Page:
As Bell Pottinger prepares to put itself into administration, resulting in hundreds of job losses, following its expulsion from the Public Relations and Communications Association (PRCA), here’s an opinion piece, which calls out the PRCA’s humbug.
PRCA betrayed the PR trade by witch hunting Bell Pottinger
The PRCA has willfully destroyed a great British PR brand, and then boasted about it in the public domain. Shame on them.
Bell Pottinger (BP) was working for the controversial Gupta family as a cover for working for Zuma and the ANC. BP’s work for the Guptas was, it seems, done in the dark by anonymous agents in social media. Sometimes, those agents were fake. Moreover on behalf of the Guptas, BP launched attacks in SA on people and firms who were existing clients of BP.
Promulgating PR messages in the dark for clients who are proxies for political parties or corrupt individuals and then deploying behind the scenes agents in the swirl of social media are two very questionable approaches to the Dark Arts. And compounding that by castigating one’s own clients on behalf of another client is, to say the least, a conflict of interest.
Of course if it were the case that everybody did this and everybody else knew that that was so, that would not make it right but it would at least be the case that the audience was forewarned. However we all know that the whole point of deploying such tactics is that the audience remains ignorant of the sources, methods and intentions of the behind the scene string pullers.
There is no moral or ethical obligation to name one’s client if all one is doing is ghost-writing speeches or providing insight and lines of argument, narrative and messaging. Though that should not encompass undermining an existing client, unless the work is strictly fire walled by a separate conflict brand.
But once a PR company or person begins to act or mediate with third parties on behalf of a client, full transparency is absolutely essential for the purpose of public trust.
It does not matter that a client’s arguments or reasoning are weak or, in the eyes of some, reactionary. Regardless of the strength or sustainability of a client’s messaging, every client, even an oligarch or dictator, is entitled to pay someone to formulate them in the best possible light. Whatever the client or issue a PR tackles, though, telling lies and resorting to deception are not acceptable.
Yet BP does not so much stand accused of resorting to the Bernays-type dark art practices mentioned above, so much as for promulgating a divisive racist message in post-apartheid South Africa. But the truth is that everyone on all sides in SA promotes a version of the anti-White Monopolist line, so it barely matters that BP is saying it on behalf of the Gupta family.
So BP’s supposed racialism was simply the sort of nonsense by which all sides in SA proceed, and not the worst example of it. But, accepted, quite separately BP was indeed guilty of unethical dissemination of Fake Opinion. That’s something that goes on all the time in UK politics at the behest of PR pros, as anybody who witnessed the last General Election, the Brexit debate or the Chilcot Inquiry into the Iraq war knows full well. Also, any PR who commissions reports to garner headlines on behalf of clients, often referred to as advocacy research, is, arguably, guilty of spreading fake opinion, too.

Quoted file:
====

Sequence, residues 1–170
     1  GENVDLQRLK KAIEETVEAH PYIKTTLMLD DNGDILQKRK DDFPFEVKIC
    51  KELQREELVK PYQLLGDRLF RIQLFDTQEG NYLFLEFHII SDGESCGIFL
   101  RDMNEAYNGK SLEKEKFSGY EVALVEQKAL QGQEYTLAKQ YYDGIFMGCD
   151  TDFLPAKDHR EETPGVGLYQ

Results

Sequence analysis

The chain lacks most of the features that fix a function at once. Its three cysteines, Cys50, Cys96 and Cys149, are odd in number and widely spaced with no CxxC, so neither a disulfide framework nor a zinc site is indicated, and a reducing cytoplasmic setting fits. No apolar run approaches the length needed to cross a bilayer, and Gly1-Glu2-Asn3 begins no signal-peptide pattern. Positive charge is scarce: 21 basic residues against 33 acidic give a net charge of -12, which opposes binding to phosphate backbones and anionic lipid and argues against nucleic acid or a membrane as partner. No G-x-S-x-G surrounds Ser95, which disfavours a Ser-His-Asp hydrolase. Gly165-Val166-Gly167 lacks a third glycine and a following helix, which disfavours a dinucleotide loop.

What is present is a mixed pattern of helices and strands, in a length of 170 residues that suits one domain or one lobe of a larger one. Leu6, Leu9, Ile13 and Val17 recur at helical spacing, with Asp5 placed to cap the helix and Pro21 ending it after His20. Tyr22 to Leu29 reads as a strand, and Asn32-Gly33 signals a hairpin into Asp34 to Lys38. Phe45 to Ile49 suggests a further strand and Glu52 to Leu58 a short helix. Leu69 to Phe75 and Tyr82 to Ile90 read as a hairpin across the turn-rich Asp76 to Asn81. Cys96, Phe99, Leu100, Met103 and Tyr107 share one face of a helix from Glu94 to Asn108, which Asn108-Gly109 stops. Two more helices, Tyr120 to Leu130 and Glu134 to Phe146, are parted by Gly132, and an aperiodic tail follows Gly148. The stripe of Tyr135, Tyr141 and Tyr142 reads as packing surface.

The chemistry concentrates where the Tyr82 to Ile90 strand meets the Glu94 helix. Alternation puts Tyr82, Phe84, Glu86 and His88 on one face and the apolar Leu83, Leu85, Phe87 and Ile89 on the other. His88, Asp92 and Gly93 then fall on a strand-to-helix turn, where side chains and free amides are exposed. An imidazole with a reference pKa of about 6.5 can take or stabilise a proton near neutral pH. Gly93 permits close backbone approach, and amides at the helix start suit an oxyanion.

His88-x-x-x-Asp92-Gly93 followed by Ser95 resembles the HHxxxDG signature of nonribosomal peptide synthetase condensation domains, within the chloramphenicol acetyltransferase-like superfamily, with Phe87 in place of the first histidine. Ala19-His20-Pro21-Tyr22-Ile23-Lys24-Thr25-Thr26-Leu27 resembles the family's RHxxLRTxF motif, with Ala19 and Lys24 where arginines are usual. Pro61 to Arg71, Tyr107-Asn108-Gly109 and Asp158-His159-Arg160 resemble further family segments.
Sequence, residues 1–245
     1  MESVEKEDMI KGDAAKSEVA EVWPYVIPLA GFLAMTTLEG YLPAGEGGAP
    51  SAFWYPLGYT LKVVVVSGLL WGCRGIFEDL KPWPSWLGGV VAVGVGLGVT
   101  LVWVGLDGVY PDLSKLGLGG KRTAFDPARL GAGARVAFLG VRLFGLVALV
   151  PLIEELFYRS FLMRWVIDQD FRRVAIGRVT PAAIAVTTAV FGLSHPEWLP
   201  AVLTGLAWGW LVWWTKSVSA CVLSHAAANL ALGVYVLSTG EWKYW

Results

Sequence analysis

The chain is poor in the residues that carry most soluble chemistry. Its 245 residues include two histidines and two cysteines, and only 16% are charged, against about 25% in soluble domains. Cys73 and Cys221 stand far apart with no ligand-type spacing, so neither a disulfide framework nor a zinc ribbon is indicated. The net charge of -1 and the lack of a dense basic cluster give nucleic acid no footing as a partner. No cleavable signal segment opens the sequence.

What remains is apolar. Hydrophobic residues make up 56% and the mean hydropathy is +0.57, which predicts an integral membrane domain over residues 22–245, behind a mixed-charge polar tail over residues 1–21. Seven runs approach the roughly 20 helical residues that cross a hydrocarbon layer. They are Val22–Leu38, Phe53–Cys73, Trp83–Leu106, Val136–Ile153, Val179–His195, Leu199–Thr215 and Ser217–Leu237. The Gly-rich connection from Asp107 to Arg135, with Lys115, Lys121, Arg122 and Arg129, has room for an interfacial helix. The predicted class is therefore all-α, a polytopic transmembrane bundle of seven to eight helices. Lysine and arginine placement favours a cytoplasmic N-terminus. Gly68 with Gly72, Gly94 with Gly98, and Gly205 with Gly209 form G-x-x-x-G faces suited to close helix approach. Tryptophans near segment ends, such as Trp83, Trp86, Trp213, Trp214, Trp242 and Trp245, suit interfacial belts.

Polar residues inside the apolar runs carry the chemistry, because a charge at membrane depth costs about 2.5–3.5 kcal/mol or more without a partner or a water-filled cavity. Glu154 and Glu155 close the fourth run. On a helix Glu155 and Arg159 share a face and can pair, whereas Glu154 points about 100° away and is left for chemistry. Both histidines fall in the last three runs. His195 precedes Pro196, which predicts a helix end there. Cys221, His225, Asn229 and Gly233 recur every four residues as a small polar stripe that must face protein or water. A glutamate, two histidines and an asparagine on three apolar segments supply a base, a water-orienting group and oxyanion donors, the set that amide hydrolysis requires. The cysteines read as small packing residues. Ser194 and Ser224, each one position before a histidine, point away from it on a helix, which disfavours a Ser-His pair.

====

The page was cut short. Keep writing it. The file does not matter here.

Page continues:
Meanwhile, the dilemma every PR professional faces in non-western countries is the predominance of oligarchical practices, which make political and business interests inseparable. It is just simply not honest to pretend or to demand that PR practitioners should operate to the same standards in third and second world countries as they do in the first world.
Instead we must be honest about the working conditions we find ourselves in wherever we work in the world.
All of us who have worked in non-western countries have had to juggle such ethical issues as best we can.
The PRCA has not properly clarified the ethical issues at stake. It has instead indulged in opportunistic grandstanding and virtue signalling at the expense of BP. This is nothing more than a cynical ploy to boost the PRCA’s moral authority in the UK by unleashing an unhelpful smokescreen.
A more ethical and honest approach from the PRCA would have been to use this crisis as a case study to kick start a proper debate about the ethics and challenges of working in countries such as SA. It might also have opened up a discussion about modern propensity of PR pros to resort to spreading fake opinion (not to be confused with fake news) at home too.
But instead of doing that it chose to side with one dodgy political force, the Democratic Alliance and the South African Communist Party, in SA at the expense of another, the Gupta family and President Jacob Zuma. In other words, PRCA became a partisan actor in SA politics, for self-interested, entirely selfish reasons. Or if we want to be more forgiving, we could assume that the leadership of PRCA is not very bright and that it has been suckered by the enemies of Zuma in SA into destroying BP and ruining the livelihood of hundreds of PR consultants employed by the company. Take your pick.